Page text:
James McTaggart the owner of Bridge Computers was the mastermind behind the $37,615 festival ticket rort.
James McTaggart the owner of Bridge Computers was the mastermind behind the $37,615 festival ticket rort. Allan Reinikka ROK210313acompute

Cyber crims hit sour note with Falls Festival rip off

WHEN unsuspecting fans began snapping up Falls Music Festival concert tickets on Gumtree, little did they know they were be victims of an elaborate $40,000 con job.

They also didn't know that two Rockhampton computer whiz kids were behind the scam which would ultimately rip off 40 victims.

James Robert McTaggert and Tyler Patrick Keenan had devised a sophisticated scheme to systematically fleece customers.

The peculiar thing about this crime was they had no interest or need for the money - but had been looking for a hacking challenge to test their talents.

In 2014, the pair who are still in their early 20s, stole computer software, laptops and iPhones from the construction store next door to the workplace, Bridge Computers.

Entering through the internal door via key, the pair left no trace of their robbery and bamboozled police.

Using the equipment, they downloaded drop boxes containing bank details and drivers licences from which they forged new identities to sell the tickets.

It sounded like an ingenious plan until constant complaints to police saw the pair were tracked down through their IP addresses.

McTaggart and Keenan fronted the Rockhampton District Court on three charges. One count of entering a premises, one count of obtaining identification and the most serious, one count of fraud over $30,000 to which they both plead guilty to all.

 

Crowds flock to the Falls Music Festival in Byron, but not the 40 unlucky victims of the cyber scam attack from this Rockhampton pair.
Crowds flock to the Falls Music Festival in Byron, but not the 40 unlucky victims of the cyber scam attack from this Rockhampton pair. Evan Malcolm

Barrister Jordan Ahlstrand defending Keenan told the court that his client was not "the brains behind it all" and that everything was under McTaggart's name.

The court heard Keelan did not receive any of the $37,615 as it was all in McTaggart's name.

Mr Ahlstrand described it as a "reasonably" sophisticated crime, to which Judge Helen Bowskill QC scoffed.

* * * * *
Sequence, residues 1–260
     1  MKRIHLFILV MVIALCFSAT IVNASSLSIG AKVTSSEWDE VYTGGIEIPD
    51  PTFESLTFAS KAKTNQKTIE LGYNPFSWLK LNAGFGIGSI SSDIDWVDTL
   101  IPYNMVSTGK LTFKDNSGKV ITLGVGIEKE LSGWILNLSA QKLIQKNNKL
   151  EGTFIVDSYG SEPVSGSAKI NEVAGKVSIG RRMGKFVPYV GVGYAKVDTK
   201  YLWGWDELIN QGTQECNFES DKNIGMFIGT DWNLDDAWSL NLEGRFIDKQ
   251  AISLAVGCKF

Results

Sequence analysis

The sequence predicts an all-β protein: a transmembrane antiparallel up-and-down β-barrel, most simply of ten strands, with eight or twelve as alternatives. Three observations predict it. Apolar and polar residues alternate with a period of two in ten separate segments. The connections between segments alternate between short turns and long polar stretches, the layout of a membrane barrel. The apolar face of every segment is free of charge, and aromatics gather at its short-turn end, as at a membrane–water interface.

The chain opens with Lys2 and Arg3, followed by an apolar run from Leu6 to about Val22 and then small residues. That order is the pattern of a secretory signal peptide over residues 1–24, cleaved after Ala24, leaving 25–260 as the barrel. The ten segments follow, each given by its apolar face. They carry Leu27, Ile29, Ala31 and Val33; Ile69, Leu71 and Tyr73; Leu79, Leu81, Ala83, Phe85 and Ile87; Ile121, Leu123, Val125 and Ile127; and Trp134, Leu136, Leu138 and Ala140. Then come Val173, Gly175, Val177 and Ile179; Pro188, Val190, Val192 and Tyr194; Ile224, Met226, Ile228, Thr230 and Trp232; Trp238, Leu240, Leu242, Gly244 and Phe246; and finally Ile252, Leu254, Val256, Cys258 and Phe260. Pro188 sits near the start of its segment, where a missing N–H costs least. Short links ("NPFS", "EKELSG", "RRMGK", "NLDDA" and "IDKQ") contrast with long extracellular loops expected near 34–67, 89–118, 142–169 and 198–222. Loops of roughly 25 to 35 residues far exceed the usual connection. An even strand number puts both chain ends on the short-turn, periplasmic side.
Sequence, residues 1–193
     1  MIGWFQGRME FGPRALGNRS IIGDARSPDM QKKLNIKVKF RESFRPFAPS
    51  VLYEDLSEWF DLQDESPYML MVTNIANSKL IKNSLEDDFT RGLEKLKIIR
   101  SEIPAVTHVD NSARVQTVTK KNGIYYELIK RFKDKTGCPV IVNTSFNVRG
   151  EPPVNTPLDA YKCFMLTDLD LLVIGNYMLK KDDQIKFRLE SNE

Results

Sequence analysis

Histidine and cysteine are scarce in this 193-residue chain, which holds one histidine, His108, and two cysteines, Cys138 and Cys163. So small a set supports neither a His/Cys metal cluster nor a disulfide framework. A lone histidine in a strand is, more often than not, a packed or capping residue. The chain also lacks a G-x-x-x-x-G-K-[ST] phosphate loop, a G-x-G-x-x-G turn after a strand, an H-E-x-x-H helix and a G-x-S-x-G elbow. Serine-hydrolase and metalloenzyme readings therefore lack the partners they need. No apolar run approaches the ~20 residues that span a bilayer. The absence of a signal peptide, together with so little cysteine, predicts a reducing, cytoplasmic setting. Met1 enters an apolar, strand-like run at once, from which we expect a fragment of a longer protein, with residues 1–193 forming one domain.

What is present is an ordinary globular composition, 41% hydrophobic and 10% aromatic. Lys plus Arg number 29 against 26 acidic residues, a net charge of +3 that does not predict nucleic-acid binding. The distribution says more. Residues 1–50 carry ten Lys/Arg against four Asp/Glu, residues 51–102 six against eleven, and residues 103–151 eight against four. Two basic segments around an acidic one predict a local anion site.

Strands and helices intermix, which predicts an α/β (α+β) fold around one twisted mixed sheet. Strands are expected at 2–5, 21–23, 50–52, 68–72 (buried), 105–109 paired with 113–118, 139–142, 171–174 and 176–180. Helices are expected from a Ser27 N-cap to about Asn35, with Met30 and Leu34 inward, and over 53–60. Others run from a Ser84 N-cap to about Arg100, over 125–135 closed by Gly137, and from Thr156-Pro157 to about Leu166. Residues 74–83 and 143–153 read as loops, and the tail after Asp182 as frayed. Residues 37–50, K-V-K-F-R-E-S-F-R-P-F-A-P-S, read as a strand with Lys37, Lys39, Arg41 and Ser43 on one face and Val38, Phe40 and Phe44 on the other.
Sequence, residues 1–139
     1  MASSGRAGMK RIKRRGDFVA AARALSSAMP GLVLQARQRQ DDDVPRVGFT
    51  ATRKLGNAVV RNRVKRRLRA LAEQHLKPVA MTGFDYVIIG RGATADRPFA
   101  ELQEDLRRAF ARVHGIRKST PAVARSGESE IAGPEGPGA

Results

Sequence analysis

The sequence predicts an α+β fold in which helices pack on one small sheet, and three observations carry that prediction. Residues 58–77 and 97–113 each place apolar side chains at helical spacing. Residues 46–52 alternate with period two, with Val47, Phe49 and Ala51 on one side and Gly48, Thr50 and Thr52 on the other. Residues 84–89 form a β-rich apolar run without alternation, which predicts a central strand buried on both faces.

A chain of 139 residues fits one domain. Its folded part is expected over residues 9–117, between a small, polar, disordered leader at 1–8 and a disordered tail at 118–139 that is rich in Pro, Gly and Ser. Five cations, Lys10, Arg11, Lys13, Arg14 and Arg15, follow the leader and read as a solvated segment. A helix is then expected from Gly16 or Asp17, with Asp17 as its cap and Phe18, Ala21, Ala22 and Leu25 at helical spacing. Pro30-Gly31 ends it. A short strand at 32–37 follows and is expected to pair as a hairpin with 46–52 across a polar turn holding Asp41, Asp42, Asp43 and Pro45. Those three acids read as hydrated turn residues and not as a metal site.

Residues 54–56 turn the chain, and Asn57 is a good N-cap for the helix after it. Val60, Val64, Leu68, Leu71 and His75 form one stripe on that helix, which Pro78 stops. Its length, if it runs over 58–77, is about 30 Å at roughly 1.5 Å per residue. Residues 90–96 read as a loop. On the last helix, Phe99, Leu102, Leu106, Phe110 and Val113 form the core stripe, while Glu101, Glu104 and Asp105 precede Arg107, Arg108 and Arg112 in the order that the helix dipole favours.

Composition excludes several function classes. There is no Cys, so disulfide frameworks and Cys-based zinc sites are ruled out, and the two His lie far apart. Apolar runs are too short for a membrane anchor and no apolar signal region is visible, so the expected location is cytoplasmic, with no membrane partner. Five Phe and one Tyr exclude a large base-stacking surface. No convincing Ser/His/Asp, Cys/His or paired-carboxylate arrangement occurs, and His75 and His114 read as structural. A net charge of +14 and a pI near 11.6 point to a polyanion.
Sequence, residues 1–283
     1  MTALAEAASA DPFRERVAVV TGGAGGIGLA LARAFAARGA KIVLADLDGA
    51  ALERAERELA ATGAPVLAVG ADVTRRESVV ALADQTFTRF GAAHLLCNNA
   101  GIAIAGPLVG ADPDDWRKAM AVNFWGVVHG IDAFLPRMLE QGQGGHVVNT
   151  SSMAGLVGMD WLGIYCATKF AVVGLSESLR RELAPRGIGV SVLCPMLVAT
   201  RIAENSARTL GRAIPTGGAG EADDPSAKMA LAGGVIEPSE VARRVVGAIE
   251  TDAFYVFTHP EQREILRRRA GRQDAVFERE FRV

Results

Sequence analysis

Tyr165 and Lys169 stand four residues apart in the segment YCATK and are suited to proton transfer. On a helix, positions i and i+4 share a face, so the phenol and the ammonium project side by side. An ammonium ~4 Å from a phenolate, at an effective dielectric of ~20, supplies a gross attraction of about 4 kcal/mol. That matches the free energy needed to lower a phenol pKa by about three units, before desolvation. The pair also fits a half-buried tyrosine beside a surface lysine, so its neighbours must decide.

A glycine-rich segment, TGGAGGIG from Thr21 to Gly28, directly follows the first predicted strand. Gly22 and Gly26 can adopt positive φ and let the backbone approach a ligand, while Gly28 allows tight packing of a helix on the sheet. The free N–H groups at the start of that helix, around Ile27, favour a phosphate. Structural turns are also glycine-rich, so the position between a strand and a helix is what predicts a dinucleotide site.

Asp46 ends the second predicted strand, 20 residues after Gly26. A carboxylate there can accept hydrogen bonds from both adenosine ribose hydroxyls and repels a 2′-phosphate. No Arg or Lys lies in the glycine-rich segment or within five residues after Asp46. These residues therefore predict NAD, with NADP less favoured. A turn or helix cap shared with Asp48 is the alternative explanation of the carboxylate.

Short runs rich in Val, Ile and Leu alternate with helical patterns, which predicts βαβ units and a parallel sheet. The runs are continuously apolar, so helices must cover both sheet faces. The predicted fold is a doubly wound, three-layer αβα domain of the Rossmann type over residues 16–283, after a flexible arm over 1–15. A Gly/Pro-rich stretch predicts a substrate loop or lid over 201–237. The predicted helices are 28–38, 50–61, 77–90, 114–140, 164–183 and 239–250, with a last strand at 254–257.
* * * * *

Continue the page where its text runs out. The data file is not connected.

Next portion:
"I think it is more than reasonably sophisticated," Judge Bowskill said.

McTaggart's counsel barrister Ross Lo Monaco told the court that his client will ensure the money will be repaid.

"This was not done for need. It was almost like he did it for a challenge," Mr Lo Monaco told the court.

Both defence barristers were asking for a two year sentence with immediate parole given their level of remorse, age and history.

While the lump sum approached the $40,000 mark, the highest individual sum lost was $2,000.

 

Falls Festival in Byron Bay where soaring temperatures and humidity made it a hot week of music.
Falls Festival in Byron Bay where soaring temperatures and humidity made it a hot week of music. Marc Stapelberg

Police prosecutor Molly Mahlouzarides countered by saying the "intellectual need" opposed to merely need was concerning.

Judge Bowskill spoke of how tragic it was to have two young men stand before her in such a manner.

"Plainly, while everything is McTaggart's name, you were both directly involved," Justice Bowskill said.

"It took significant thought, time and planning to keep this crime going. And it is tragic circumstances to see you both in court.

"To stand here is extremely serious. You have to be deterred from doing this. The community completely denounces this behaviour."

Mastermind McTaggart was given a head sentence of two and a half years while Keenan copped a two year head sentence. They will be eligible for parole after five and three months respectively.

The pair smiles and waved to their friends and family in the courtroom before being detained.

In 2013, The Morning Bulletin featured a story on McTaggart. He was 18 at the time and entering the business sector through Bridge Computers.

He spoke of a fixation with "selling stuff on eBay" which was the reason he started up the business.



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